What is body image?
Body image refers to the way you see your physical self — your body — and the thoughts and feelings that are caused by the way you see it.
Having a healthy body image means being comfortable and knowing that there is more to you than just your physical appearance. You accept your body, including its limitations, and appreciate it.
Conversely, having an unhealthy body image involves always thinking your body is unattractive. This 'body dissatisfaction' is driven from an internal process, but can be influenced by external social factors. Sometimes, it can make a person forget that they have value beyond what they look like. It can lead to shame or anger associated with a person's body.
What factors affect body image?
Body image can fluctuate between positive and negative at different times. It is impacted by internal factors, such as your personality and external factors, such as your social environment.
Factors that affect body image include:
Age — body image develops at a young age, but dissatisfaction with body image may become more prevalent in mid life or as people age.
Puberty, pregnancy and after giving birth — times when the body changes naturally, can be times when body dissatisfaction may increase.
Personality — high achievers and perfectionists are more at risk of being dissatisfied with their bodies.
Being teased or bullied — this can lead to an increased risk of developing poor body image, especially if subject to discrimination due to weight.
Having mental health problems — suffering from depression or anxiety leads to a greater risk of negative body image.
Poor role models — being exposed to poor role models in relation to unhealthy attitudes to body image, exercise and eating, such as restrictive dieting and excessive exercise can lead to negative body image.
Why is negative body image an issue?
If you have a negative body image, you might:
- think you look too fat
- feel like you're not pretty or muscular enough
- believe your value as a person is determined by your looks
- be fixated on trying to change your body shape
Having a sustained unhealthy body image can make people susceptible to developing an eating disorder, and to become fixated on changing their body shape, via exercise, supplements or food. It can be associated with illnesses that affect the mind and body such as body dysmorphic disorder (where a person becomes pre-occupied with a perceived defect in their appearance), anorexia nervosa and binge eating.
It's beneficial to be aware of negative body image and actively attempt to develop a healthier body image.
How to improve your body image
Having an unhealthy body image is bad for general wellbeing and can be time consuming. Below are a few tips for improving your body image:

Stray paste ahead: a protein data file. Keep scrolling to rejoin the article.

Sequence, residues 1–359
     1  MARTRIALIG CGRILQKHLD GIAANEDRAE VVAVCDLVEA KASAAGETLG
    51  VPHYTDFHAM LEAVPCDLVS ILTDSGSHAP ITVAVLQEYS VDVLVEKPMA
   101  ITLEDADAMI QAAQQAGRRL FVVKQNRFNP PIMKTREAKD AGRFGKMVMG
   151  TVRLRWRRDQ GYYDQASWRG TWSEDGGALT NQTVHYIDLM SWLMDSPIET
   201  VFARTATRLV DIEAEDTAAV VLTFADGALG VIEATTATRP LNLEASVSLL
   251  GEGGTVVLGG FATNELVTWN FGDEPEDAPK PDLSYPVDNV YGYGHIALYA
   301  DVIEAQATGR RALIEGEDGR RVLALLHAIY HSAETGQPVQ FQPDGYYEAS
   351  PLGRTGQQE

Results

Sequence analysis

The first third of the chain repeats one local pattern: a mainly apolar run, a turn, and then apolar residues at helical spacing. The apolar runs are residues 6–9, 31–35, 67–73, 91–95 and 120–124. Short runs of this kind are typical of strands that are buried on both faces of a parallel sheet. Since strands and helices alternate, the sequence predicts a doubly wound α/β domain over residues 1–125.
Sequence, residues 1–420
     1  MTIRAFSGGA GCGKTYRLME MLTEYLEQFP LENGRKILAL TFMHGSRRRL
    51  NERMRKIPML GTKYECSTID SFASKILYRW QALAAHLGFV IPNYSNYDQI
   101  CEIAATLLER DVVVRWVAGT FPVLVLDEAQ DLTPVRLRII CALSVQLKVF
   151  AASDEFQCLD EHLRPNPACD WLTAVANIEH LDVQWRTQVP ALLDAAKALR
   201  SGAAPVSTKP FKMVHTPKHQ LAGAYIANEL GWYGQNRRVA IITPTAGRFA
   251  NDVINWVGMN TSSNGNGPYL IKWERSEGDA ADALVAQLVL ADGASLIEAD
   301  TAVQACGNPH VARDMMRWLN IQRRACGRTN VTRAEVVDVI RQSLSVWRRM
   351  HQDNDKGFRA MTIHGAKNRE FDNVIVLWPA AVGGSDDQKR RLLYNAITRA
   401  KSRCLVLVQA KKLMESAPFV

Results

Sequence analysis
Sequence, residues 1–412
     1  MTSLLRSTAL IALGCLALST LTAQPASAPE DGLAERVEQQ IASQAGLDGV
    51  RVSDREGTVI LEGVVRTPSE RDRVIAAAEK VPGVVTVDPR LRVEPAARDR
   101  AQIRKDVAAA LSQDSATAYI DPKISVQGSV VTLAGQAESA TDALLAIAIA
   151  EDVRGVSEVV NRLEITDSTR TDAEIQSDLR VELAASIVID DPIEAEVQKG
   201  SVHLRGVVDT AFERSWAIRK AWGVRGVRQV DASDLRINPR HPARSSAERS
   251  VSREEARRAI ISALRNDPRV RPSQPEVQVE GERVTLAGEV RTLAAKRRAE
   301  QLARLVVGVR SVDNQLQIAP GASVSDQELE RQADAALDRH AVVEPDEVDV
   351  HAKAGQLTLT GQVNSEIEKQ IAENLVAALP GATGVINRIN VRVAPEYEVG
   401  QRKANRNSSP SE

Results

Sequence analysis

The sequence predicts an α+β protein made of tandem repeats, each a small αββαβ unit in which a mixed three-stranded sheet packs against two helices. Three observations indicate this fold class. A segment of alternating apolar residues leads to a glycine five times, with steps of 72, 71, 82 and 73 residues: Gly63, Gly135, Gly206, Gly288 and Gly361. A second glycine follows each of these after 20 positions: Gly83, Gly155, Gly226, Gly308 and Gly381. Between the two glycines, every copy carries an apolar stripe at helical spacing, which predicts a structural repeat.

- Question media images — we are bombarded with images of unrealistic and unobtainable bodies; try not to compare yourself with them and remember that often what you see on TV and online are not true depictions of real people.
- Avoid any media, social media or websites that make you feel bad or suggest you need to change the way you look.
- Focus on the positive things your body can do.
- Look for similarities between your body and the bodies of other members of your family.
- Wear clothes that make you feel comfortable.
- Try positive self-talk and avoid negative self-talk.
- Eat foods that make you feel healthy — don't obsess over kilojoule counts.
- Set health goals rather than weight-related goals
- Avoid being critical of other people's bodies — negative attitudes are contagious.
Where to get help
If you are not satisfied with your body or are developing unhealthy eating or exercise habits, you can seek professional help. There are counsellors and psychologists who have specialised knowledge and experience in body image.
Call the Butterfly Foundation national helpline on 1800 33 4673 for support, information and access to resources or referrals to counsellors.
How can parents help children with their body image?
Parents have a big influence on how children feel about their bodies, sometimes not consciously. Encourage your children to have a healthy relationship with their bodies and with food.
Your own attitude to your body will influence your children, so try not to be negative about your body. Try to project a feeling of being comfortable with your body. Help your child understand that images in the media are not realistic and help them to recognise diversity.
Be alert to signs of body dissatisfaction, such as constant weighing, fussy behaviours and obsessions around foods and mealtimes. If you think your child has a problem with body image, you can speak to your doctor, or contact the Butterfly Foundation national helpline for advice on 1800 33 4673.
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Last reviewed: January 2022